The Road Powered By…The Sun?


With the Autobahn in Germany and the US’s extensive highway system who would have thought that Italy was actually the first country in the world to build motorways? Completed in 1926, the road from Milan to Lake Como, or the A8 was the first true motorway. Well, the Italians are at it again with the advent of the World’s first 100% solar-powered motorway!

What is a solar-powered motorway?
Good question! I did quite a bit of digging to truly understand the concept, and it is quite revolutionary. Focused on a reduced environmental impact for the long-haul for both the ecological system and the human system, the roadway will boast the newest innovations in energy, safety, and construction. This motorway, the Catania-Siracusa, is the first large-scale integration of major infrastructure and distributed power generation. It will feature 80,000 PV panels along the road that will power the lights, tunnel fans, road signs, emergency telephones, and all the services and street furniture. The PV cells are hoisted in 3 artificial tunnels on the road and are estimated to produce 12 million kWh on an annual basis. This will reduce an approximate 31,000 tons of oil and 10,000 tons of CO2 emissions annually. WHOA!

The additional ecological efforts included “the planting of thousands of trees and plants, improving existing tree lines and hedges, and increasing the extension of local woods.”

How far along are they?
The construction portion is complete and is scheduled to open to the public in January 2011. 1/4 of all solar panels were installed and operational at the end of September, and their steady progress has continued. To date they are expected to finish on time. Although the Italians have a little bit of experience in this sector having built out solar panels along the A20, Messina-Palermo motorway, totalling 368 kWp to provide electricity for all of the building located along the 183km motorway. They have also done a similar project near the Alps.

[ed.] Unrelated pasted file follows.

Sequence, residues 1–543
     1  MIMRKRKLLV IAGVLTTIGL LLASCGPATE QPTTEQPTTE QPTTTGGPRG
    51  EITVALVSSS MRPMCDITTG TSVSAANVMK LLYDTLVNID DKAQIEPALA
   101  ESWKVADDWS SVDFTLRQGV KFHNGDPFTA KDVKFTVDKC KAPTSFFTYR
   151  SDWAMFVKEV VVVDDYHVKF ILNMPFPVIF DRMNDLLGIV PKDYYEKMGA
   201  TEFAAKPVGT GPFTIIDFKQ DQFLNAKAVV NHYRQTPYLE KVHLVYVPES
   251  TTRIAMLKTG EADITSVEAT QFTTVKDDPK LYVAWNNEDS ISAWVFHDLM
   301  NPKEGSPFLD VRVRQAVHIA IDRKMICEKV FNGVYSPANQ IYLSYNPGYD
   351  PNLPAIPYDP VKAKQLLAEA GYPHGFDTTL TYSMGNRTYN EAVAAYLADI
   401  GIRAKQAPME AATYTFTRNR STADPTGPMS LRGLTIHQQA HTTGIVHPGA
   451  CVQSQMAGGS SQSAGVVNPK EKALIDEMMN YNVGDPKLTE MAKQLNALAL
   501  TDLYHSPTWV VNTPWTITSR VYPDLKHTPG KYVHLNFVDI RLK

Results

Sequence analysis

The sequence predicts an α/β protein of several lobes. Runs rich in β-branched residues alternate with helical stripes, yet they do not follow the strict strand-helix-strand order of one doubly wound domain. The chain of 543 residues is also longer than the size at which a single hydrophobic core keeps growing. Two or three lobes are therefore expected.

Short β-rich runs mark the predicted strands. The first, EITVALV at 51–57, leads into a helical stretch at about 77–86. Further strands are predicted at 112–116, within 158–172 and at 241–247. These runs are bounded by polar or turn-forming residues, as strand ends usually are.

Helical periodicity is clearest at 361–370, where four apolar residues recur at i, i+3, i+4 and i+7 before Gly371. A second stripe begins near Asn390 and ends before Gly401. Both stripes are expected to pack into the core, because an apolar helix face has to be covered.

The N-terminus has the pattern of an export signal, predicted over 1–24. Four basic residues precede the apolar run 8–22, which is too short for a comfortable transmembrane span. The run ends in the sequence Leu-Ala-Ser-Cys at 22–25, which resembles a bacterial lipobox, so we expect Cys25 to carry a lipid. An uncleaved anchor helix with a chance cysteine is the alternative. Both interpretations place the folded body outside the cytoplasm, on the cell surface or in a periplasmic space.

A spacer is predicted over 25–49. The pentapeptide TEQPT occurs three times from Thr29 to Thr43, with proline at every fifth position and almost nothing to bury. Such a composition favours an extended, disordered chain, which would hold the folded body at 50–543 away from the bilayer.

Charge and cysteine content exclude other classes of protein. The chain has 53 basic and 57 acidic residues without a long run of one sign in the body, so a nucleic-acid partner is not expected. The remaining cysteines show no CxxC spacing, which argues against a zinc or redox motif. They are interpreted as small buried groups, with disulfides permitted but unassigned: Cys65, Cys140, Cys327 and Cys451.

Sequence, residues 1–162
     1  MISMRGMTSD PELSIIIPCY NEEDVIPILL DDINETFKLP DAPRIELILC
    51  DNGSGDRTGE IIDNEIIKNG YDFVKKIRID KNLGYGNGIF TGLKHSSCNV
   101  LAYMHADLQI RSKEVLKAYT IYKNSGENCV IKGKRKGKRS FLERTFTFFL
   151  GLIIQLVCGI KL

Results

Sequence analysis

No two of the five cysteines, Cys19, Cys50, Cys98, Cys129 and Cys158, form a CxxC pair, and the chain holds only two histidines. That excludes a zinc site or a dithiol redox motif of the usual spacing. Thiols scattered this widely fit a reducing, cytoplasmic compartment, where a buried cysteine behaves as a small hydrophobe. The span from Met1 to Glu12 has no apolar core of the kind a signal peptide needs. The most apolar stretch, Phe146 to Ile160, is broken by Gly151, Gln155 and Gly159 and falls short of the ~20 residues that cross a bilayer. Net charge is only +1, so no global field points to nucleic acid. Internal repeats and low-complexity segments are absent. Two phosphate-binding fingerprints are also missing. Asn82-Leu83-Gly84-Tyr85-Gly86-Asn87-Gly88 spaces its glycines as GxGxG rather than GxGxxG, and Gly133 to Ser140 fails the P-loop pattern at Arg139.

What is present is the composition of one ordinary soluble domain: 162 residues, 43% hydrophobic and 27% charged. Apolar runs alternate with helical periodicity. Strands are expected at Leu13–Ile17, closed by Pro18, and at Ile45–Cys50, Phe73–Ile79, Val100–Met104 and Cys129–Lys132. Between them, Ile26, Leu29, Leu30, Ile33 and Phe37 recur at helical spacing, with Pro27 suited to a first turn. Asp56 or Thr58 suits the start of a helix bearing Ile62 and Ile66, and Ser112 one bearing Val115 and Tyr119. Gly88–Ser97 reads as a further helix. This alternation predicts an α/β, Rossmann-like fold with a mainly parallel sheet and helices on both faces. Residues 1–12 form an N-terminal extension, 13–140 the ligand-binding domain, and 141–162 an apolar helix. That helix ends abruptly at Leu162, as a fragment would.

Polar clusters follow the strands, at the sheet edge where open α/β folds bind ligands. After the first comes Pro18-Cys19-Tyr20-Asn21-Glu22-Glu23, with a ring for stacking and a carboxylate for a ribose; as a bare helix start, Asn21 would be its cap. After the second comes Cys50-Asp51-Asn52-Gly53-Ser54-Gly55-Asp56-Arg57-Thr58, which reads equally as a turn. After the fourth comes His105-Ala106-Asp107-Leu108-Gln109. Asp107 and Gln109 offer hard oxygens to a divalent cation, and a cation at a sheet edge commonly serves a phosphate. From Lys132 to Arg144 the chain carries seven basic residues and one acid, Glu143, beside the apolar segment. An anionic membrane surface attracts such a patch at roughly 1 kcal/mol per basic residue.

These are quite impressive numbers and efforts made for long-term sustainability through out Italy. Now if only we can learn from their efforts and do the same when our “season of Road Construction” starts up in the US after the winter months.

To learn more about solar-powered roadways, check out the Matter Network’s article.

Where do you think we should build solar-powered roads in the US? Have you heard of the Idaho man who suggests building roads WITH solar panels in place of asphalt? Now that is turning roads into truly productive and usable spaces.

Photo Credits: Reverberi Italy

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  1. This is a great initiative. Let’s hope this is the future of highways. Not only could highways be powering its own lights and other equipment, but they could also help create electricity for surrounding cities. Solar energy is really set to take off with the technological advancements that have dropped costs.

    • I agree. If we think about it, it takes an enormous amount of power to light up long stretches of roads and highways and if this demand could be satisfied by solar power, so much energy could be saved.

      • This isn’t just for roadside lighting though. With the amount of power that this could generate, a decent percentage of homes could be powered.

        • Oh certainly, but the first priority will probably be the roads. Then of course, any excess can be used to power the surrounding homes as a backup to the primary source.

    • Lauralee Hensley
    • December 6th, 2010

    Colorado would be a great place to have solar panels because we have so many sunny days per year. Along I-25, especially since many could be hung on the noise barrier walls installed along I-25 many places through Colorado.

  2. Im honestly surprised they didn’t do it sooner! So much could of been saved so much earlier! I am guessing the proper technology or social movement wasn’t there in the past.

    Till then,


  3. @Luggage Sets , you are right but I often find that bureaucracy often stops alot of innovation from going forward :(


  4. @Driveway, I like the second suggestion about also utilizing the cars that are on the highway as a way to also use their energy. If they can figure something out for that, it would be like utilizing energy as efficient as possible!


  5. While it’s great to hear about such technological advances, it is frustrating that this technology is not being deployed more widespread. It makes you wonder if there are other reasons behind the slow progress. For example, I’m sure the economy would have serious problems if people stopped relying so heavily on gasoline. There would be a sudden shift in power and money that could have terrible consequences.

  6. I am quite excited to see how solar energy and other renewable energy sources develop. I wouldn’t be surprised if they start popping up all over the place. Maybe we’ll all have solar cells on our homes in the not too distant future.

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